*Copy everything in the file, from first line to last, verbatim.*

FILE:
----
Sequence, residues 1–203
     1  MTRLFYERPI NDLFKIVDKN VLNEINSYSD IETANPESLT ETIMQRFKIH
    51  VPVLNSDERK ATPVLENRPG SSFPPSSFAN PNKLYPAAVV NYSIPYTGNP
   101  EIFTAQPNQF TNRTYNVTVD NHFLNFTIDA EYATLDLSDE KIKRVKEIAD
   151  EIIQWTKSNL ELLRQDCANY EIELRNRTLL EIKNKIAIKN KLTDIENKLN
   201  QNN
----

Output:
Sequence, residues 1–203
     1  MTRLFYERPI NDLFKIVDKN VLNEINSYSD IETANPESLT ETIMQRFKIH
    51  VPVLNSDERK ATPVLENRPG SSFPPSSFAN PNKLYPAAVV NYSIPYTGNP
   101  EIFTAQPNQF TNRTYNVTVD NHFLNFTIDA EYATLDLSDE KIKRVKEIAD
   151  EIIQWTKSNL ELLRQDCANY EIELRNRTLL EIKNKIAIKN KLTDIENKLN
   201  QNN